I received my results about two years ago, did relatively well (by my own standards, I suppose), and have made the conscious decision to further my studies in Singapore (here). Nevertheless, I just wanted to speedily articulate some perspectives about the examination; opinions which would hopefully resonate with a number of people out there.
If you have done well:
– Congratulations, you deserve the praise and celebrations. The pressures and stresses associated with these examinations have always been – and will continue to be – tremendously immense, so you have done well to attain those grades.
– Cherish the moment! But, do recognise that it may not turn out as well for everyone else (especially some of your friends), so don’t get too carried away with your celebrations.
– Give thanks, to people (friends, parents, teachers, mentors) who have been there with you every step of the way. I flunked my Mathematics consistently; and had it not been for a wonderful teacher (Mrs. Koh, I hope you see this!), I would not have been able to eke out a decent result for that paper.
If you (think that you) have not done well:
– Who are you comparing yourself against? It is wonderful to have lofty aspirations and dreams, but they should be rooted in pragmatism. This is something I felt has been particularly poignant for me (though I do struggle to keep my cynicism in check).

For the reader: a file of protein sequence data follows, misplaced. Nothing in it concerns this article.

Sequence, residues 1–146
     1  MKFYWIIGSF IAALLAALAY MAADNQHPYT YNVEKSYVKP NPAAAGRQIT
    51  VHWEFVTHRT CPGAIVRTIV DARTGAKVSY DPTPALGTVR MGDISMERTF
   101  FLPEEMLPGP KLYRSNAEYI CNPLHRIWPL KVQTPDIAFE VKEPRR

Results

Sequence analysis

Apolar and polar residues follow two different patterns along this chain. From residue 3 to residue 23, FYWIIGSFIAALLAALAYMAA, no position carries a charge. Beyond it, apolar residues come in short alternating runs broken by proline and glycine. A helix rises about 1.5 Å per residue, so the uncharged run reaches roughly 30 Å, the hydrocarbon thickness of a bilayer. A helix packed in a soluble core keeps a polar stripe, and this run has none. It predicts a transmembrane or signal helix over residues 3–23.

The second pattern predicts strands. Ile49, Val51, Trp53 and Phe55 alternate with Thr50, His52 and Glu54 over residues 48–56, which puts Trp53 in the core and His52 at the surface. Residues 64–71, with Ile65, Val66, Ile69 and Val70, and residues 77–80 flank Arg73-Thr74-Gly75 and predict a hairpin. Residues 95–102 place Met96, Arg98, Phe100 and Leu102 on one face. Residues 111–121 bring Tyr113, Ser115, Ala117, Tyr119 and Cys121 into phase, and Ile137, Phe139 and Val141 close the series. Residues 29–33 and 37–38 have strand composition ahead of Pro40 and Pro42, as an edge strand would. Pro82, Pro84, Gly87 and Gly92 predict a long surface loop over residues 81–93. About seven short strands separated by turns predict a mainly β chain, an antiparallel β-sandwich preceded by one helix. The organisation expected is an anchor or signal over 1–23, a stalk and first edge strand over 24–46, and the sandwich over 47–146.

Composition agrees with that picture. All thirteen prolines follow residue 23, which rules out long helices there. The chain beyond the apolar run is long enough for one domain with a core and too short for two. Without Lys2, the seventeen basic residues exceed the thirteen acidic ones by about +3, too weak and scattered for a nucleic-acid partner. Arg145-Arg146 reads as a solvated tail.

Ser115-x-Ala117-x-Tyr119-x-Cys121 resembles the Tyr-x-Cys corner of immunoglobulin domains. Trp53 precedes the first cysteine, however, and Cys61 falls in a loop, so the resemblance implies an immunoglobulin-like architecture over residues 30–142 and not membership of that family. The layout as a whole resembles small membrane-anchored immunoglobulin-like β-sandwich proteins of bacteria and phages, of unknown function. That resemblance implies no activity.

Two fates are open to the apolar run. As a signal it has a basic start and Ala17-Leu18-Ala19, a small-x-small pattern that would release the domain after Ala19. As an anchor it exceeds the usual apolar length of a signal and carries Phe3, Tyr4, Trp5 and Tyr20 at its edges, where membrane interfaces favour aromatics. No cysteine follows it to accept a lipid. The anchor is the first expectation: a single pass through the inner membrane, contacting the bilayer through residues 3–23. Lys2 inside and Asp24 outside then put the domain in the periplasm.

– Relax, and breathe. Some might need some alone-time, while others might find it helpful to have someone to talk to. Don’t give yourself additional pressure.
– This is a life of multiple chances: the examination is not the be-all and end-all of one’s life. With major standardised assessments, the inconvenient fact is that not every individual would do satisfactorily, or up to their personal expectations; nonetheless, what is more important is to reflect, take stock, contemplate options, and move on.
– You are not your results, and your results – ultimately – do not define you as a person. Idealistic? Maybe so (if you think about the academic-scholastic rigidity of our education system). However, from a practical point of view, wallowing in (purported) failure is hardly sustainable; opportunities don’t come knocking, so you have to pick yourself up, and chart your own direction in life.
– Smile! Life is too short to be miserable all time (I tell myself this all the time, still).
Good luck, and all the best!